By Dr. Jeremy Girmann
This month’s column will be based on a question from Performance Press reader, Tim:
“Can I still make muscular gains at 60 years old?”
Among many there floats the idea that we exit this world much the same as we entered – rather pathetic and weak. How’s that for optimism?
We can fill our heads with examples of people we’ve known, individuals that would seem to satisfy this apparent truth. There are, however, those who stand in sharp contrast to the notion of an inevitable decline into frailty and dependency.
What is it about these individuals, the ones who emanate strength and live robust lives decade after decade, which sets them apart from the rest?
We are all aging – today, tomorrow, and everyday to come (learning anything yet?…). While it is true that certain physiologic phenomena occur with advancing age that necessitates change in lifestyle, or perhaps more meaningfully, change in perspective, we ought not to allow this to construct a ceiling over our efforts to optimize our health and performance.
Dr. Walter Bortz, a geriatrician and author of the book Next Medicine suggests that we do not stop moving because we age, but rather we age because we stop moving.
The truth of this idea seems to readily reveal itself in the world of medicine as it applies to nearly every body system. Use it or lose it. Motion promotes motion. It’s inertia…
The trajectories of health traveled by lifelong athletes greatly oppose those of dedicated couch potatoes. While readers of this publication are unlikely to require convincing of these correlations, we will consider to what degree our physical strength and muscular size are limited by the number of candles on our cake.
It is true that as we age, we tend to experience a gradual decline in strength and lean body mass. Researchers initially attempted to capture these physiologic changes with the term “sarcopenia” which is of Greek derivation meaning “poverty of flesh”. We do know that after the age of 30, inactive individuals generally experience an average 1% loss of muscle mass per year and that this change in muscle mass tends to result in impaired strength and function. For many researchers it followed that preservation of lean muscle tissue would attenuate strength loss. It was subsequently demonstrated, however, that the changes in muscle mass do not explain the entirety of strength loss. This concept is likely to be well appreciated by readers of this column when we consider the strength changes of people who have been newly introduced to weight training. Within the first few months of training, individuals can experience significant increases in strength without a proportional increase in muscle mass. This is largely due to adaptations of the neurologic system. In a similar way, strength losses that occur with age are not only attributable to a decrease in muscle mass. For this reason, Dr. Brian Clark of the Ohio Musculoskeletal and Neurological Institute coined the term “dynapenia”, meaning “poverty of strength”.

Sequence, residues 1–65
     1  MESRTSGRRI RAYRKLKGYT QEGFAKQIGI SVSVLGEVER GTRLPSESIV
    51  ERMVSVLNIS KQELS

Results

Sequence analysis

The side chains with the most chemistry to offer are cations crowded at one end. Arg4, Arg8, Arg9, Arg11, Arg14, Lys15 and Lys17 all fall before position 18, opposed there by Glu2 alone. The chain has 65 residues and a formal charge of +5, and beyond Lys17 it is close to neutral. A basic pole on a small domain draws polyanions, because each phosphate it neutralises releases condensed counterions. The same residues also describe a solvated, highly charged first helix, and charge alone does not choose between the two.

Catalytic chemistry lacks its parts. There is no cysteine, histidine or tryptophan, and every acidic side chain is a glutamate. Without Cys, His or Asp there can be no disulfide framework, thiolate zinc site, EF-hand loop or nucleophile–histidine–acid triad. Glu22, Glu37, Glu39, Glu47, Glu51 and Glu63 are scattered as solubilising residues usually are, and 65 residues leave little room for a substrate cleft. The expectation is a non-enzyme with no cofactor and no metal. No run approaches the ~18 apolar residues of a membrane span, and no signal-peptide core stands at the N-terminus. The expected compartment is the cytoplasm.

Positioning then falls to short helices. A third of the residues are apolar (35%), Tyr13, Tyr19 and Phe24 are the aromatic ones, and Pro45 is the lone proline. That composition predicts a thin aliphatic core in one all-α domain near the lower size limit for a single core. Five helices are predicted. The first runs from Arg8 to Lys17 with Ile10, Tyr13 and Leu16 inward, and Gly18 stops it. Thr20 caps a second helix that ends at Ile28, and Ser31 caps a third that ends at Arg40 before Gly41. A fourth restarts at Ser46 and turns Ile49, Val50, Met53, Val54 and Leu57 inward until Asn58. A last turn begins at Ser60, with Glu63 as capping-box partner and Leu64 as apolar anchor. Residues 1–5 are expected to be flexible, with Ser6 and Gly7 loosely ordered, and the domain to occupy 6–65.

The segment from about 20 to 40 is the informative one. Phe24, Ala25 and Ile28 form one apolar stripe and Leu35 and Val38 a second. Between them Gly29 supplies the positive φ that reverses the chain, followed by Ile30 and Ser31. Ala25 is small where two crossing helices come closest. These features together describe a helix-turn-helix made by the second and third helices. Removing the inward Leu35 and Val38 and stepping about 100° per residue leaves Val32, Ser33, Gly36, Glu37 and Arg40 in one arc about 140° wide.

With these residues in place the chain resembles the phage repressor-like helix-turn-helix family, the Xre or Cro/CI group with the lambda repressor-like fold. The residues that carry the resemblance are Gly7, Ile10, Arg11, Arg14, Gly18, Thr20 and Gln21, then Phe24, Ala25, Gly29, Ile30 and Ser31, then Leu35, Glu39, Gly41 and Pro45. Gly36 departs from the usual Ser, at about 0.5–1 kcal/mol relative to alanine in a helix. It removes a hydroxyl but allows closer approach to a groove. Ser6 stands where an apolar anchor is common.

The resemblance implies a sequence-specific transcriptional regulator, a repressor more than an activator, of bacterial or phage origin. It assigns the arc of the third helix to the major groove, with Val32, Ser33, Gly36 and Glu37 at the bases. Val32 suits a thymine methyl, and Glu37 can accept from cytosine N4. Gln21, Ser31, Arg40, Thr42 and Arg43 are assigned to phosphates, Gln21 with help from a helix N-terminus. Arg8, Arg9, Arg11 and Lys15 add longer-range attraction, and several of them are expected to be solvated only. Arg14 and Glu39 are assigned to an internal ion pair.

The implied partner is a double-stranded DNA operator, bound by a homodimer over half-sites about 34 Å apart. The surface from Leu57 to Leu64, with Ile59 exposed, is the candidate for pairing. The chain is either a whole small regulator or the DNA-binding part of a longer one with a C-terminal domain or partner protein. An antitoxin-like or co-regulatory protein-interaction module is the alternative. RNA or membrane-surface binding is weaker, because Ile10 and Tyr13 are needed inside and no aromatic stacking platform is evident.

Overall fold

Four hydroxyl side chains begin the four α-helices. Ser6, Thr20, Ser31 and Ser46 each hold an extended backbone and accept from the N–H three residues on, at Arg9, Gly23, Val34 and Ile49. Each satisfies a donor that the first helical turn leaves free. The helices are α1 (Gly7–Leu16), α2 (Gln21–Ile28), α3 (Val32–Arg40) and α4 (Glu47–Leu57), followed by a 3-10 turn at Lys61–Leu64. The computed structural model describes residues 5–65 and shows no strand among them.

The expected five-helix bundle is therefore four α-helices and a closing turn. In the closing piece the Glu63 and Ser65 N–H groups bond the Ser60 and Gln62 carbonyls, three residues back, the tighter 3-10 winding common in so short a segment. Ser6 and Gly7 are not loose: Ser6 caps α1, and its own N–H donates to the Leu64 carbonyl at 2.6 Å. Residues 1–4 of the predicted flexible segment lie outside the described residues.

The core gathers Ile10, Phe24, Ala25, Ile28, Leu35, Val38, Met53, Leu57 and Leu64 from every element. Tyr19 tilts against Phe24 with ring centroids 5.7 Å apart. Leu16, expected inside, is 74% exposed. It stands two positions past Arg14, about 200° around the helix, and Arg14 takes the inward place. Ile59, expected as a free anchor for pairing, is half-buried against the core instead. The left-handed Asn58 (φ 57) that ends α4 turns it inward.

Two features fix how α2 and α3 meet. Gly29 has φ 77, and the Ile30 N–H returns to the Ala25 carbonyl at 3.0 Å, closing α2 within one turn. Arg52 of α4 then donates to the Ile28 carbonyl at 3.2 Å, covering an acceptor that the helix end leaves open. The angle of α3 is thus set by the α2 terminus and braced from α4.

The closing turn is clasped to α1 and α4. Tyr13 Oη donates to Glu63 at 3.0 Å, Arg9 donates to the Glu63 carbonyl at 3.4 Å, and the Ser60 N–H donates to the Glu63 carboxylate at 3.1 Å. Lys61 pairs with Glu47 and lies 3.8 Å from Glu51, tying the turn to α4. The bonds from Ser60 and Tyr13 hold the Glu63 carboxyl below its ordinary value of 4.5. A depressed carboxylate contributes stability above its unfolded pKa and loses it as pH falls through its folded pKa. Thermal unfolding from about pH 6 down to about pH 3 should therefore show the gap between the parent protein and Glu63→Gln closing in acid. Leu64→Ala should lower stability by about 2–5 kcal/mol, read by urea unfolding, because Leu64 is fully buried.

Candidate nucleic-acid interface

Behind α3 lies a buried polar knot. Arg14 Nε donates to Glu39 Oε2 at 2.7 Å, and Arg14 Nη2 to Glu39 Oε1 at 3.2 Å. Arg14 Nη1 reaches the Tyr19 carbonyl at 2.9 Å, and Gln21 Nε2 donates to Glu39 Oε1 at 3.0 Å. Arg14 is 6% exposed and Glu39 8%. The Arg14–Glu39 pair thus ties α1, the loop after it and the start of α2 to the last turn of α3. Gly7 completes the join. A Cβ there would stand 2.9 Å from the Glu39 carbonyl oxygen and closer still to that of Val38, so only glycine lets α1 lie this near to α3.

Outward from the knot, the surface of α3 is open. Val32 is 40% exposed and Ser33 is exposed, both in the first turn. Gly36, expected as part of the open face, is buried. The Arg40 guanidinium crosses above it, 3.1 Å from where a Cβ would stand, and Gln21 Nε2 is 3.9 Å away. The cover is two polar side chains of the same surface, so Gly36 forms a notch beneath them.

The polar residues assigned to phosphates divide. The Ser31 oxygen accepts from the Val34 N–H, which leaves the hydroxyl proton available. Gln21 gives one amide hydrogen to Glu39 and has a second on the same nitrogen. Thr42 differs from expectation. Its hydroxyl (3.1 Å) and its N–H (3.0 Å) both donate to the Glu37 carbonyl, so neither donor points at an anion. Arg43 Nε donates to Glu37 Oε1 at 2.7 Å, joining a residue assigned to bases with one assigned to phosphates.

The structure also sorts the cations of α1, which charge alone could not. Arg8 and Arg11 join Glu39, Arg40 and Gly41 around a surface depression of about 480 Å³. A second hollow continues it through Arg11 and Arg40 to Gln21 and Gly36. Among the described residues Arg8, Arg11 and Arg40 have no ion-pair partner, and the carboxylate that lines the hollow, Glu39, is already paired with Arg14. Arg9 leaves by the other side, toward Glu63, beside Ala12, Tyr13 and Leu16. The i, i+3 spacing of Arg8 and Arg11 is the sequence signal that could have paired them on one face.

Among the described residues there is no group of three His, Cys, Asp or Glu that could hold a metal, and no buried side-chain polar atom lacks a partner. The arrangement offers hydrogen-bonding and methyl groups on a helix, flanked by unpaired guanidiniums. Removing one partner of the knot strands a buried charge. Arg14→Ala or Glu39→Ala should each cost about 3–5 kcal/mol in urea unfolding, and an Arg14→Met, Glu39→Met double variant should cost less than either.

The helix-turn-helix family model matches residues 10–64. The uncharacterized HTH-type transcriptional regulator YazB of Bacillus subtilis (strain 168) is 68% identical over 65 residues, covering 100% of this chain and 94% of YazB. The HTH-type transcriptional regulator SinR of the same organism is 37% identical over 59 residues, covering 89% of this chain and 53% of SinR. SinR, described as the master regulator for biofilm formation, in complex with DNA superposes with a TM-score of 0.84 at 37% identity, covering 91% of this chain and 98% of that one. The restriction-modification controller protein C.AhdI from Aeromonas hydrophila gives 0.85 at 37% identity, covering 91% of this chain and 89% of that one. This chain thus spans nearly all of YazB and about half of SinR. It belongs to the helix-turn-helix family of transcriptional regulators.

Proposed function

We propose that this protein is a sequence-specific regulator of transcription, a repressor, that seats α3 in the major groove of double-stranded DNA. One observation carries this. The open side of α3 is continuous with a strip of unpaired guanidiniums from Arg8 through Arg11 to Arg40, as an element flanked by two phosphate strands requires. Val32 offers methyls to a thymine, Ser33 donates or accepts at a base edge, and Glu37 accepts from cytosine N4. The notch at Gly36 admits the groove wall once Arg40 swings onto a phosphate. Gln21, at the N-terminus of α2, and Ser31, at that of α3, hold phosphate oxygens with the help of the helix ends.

The importance of the distinction between sarcopenia and dynapenia resides in the consideration of an approach to mitigate these phenomena.
A 1% loss of lean muscle mass after the age of 30 seems to be a bit of a defeating proposition. This is, however, a statistical average and I can say with certainty that readers of the Performance Press are far from average. There are plenty of individuals who have more than prevented muscle loss as they age and managed to regularly add lean muscle tissue from a combination of dietary, exercise, and lifestyle interventions.
The Society for Sarcopenia, Cachexia, and Wasting Disease (there is a professional society for nearly everything) convened an expert panel to develop recommendations for prevention and management of muscle and strength loss. It was decided that a combination of exercise (both resistance and aerobic), adequate protein and caloric intake, creatine supplementation, and vitamin D replacement seem to offer the surest ways maintain muscle and strength.
Let’s consider these factors a bit further…
Muscles are made of protein – this we know. Active individuals require a higher protein intake since they have greater protein turnover in their muscles. There are several reasons why aging individuals might be deficient in protein or perhaps less sensitive to its effects: